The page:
Builders and architects are using waste, salvaged from recycling, in both new construction and remodels. In 1996, less than 30 percent of all waste was salvaged for recycling. Today, architectural salvage, which in simplest terms is the reclamation or reuse of architectural materials, is gaining popularity in our more environmentally conscious society.
Recycled materials such as tile and carpet, lumber and even appliances, are commonly available for repurposing. But has anyone thought about repurposing a jumbo jet?
One architect known for leading the way for sustainable architecture is David Hertz, principal at David Hertz Architects and Studio of Environmental Architecture. He was appointed to the City of Santa Monica’s Task Force on the Environment and has consulted on the city’s green building ordinances.
“I was teaching on sustainability at UCLA and considered a pioneer because I had done this in the ’80s when it wasn’t fashionable,” Hertz says. “It wasn’t until the later part of the ’90s that more people became aware of this and the realities of utilizing the planet’s resources—and more people became interested. The material that’s discarded burdens our society with big waste. I think repurposing is the way of the future.”
His imagination always on overdrive, Hertz recently designed a home in Malibu made of parts that came from, yes, a Boeing 747 jumbo jet. The idea came to him when he was standing on the site and imagining a roof that didn’t have any walls or columns to block the view. The elliptical shape he was conjuring reminded him of the shape of an airplane wing section.
“I thought, ‘Why not just use a wing?’ A wing is very strong, and I remember seeing wings and tail sections of a plane driving out to the Sierras as a kid, and I began to research those, and learned you could buy a 747 for about $30,000. That made the project a reality.”
Of course, before repurposing the house, Hertz had to get all of the government’s paperwork and zoning documents in order. Surprisingly, despite the growing need for using recycled materials, it’s not easy getting approval for environmental projects.
“It’s a struggle. It’s outside of their comfort zone and that presents a challenge,” he says. “You just have to work with them and arm yourself with knowledge and data, and overwhelm them with a presentation.”
With building designs as unique and interesting as those that Hertz creates, coming up with fantastic presentations hasn’t posed much of a challenge. He just hopes that others will follow his lead, and repurposing will eventually become the norm.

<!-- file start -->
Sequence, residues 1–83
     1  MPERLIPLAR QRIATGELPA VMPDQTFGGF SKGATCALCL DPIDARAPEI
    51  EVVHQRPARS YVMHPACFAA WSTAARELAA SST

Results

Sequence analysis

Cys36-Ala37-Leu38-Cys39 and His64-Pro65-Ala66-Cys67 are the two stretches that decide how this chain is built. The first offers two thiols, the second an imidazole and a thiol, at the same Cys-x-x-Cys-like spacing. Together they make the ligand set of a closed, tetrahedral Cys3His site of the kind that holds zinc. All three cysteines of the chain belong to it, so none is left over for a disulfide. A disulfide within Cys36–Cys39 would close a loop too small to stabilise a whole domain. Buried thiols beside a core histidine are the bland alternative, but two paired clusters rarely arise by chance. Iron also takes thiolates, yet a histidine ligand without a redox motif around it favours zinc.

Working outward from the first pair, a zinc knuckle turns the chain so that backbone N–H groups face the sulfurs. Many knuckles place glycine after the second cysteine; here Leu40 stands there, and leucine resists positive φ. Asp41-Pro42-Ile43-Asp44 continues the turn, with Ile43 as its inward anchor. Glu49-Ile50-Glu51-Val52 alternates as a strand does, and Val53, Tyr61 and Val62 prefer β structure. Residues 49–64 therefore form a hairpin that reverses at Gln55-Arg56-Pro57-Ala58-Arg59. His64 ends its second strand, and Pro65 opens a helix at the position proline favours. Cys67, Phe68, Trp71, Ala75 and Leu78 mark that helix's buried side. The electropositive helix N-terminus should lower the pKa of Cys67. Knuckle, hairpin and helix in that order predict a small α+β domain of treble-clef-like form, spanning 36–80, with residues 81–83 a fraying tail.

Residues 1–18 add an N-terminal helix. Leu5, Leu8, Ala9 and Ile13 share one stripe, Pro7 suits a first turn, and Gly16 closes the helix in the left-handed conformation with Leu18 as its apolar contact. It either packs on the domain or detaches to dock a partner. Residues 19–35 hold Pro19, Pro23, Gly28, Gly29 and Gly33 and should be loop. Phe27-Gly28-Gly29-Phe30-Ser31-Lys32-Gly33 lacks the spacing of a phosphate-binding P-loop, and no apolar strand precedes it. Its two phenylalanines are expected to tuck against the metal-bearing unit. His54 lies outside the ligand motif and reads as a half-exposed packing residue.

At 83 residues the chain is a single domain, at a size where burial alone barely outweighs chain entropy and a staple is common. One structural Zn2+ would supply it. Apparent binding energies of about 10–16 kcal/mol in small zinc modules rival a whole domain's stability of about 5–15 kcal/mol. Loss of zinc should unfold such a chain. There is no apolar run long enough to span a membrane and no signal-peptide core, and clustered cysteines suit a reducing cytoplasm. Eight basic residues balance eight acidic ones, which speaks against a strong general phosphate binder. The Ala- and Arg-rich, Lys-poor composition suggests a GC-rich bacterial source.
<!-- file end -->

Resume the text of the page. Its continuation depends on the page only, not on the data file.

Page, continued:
“Projects like this can be done anywhere. Looking at what we already have, rather than what we have to create, is something everyone should be concerning themselves with,” Hertz says. “I’d like to think that buildings are going to become more restorative, and not just sustainable. Almost everyone is aware of these issues now, and I believe that this way of thinking will become more prevalent in the years to come.”
The “Wing House”, as it has come to be known, was completed in 2011. It has been publicized internationally as a work of architectural significance, and the transportation of the wings to the building site received much publicity. The move required both a truck and helicopter. A truck carried some of the supporting parts from a nearby aircraft boneyard, accompanied by a seven-vehicle California Highway Patrol escort—and multiple lanes of three major freeways had to be closed to accommodate it. The helicopter carried the wings, which were lowered to the ground, making for a very unusual landing, indeed.
The property itself is historic, and it has a Bay Area connection.
The 55-acre property at the edge of the Santa Monica Mountains, actually northwest of Malibu, was formerly owned by famed Hollywood set designer Tony Duquette, who also lived in San Francisco. He built several eccentric structures that were scattered upon it, made from recycled objects and movie sets, but everything burned to ground in the Green Meadows wildfire of 1993. The property was suddenly ready to be repurposed, and a blank canvas for David Hertz was born.
The salvaged plane was a TWA jet that flew from 1970 until 1992, and the lady of the house, Francie Rehwald, told us what it’s like to live under a once-airborne roof.
“Every day is fascinating. The aluminum catches light and both reflects and captures images, colors—the changing sky; the movement of birds. I experience the illusion of flying—especially on foggy days, which San Franciscans can relate to; I used to live there. I feel like I’m floating, especially when I catch a glimpse of the wings. It’s mystical; otherworldly.”
She explains that there is an elemental sense, as well, a feeling of being grounded—with water on every level, as well as native grasses, earth, rock, and, of course, metal. The courtyard fountain—made from an engine cowling that serves as a receptacle—is particularly extraordinary. Francie says, “Not all parts of the plane were used—no fuselage; no cone. Mostly, I live beneath wings.” Of course, she named her bedroom, “First Class.”
These days the 52-year-old architect himself (and our publisher’s cousin) is also flying high, as he has just taken off into the exciting unknown of a new life. Last month, he married true love Laura Doss. The wedding was a grand and, of course, recycled affair—that is, it was a second wedding for both. We offer our congratulations.
Keith Loria is a freelance writer who has written about everything, from baseball to corporate mergers, to healthcare and entertainment. Recent interviews include actor William Shatner, heart-surgeon pioneer Marc Dedomenico, and Pez Candy CEO Joe Vitttoria. Keith is also a family man with two daughters, Jordan and Cassidy.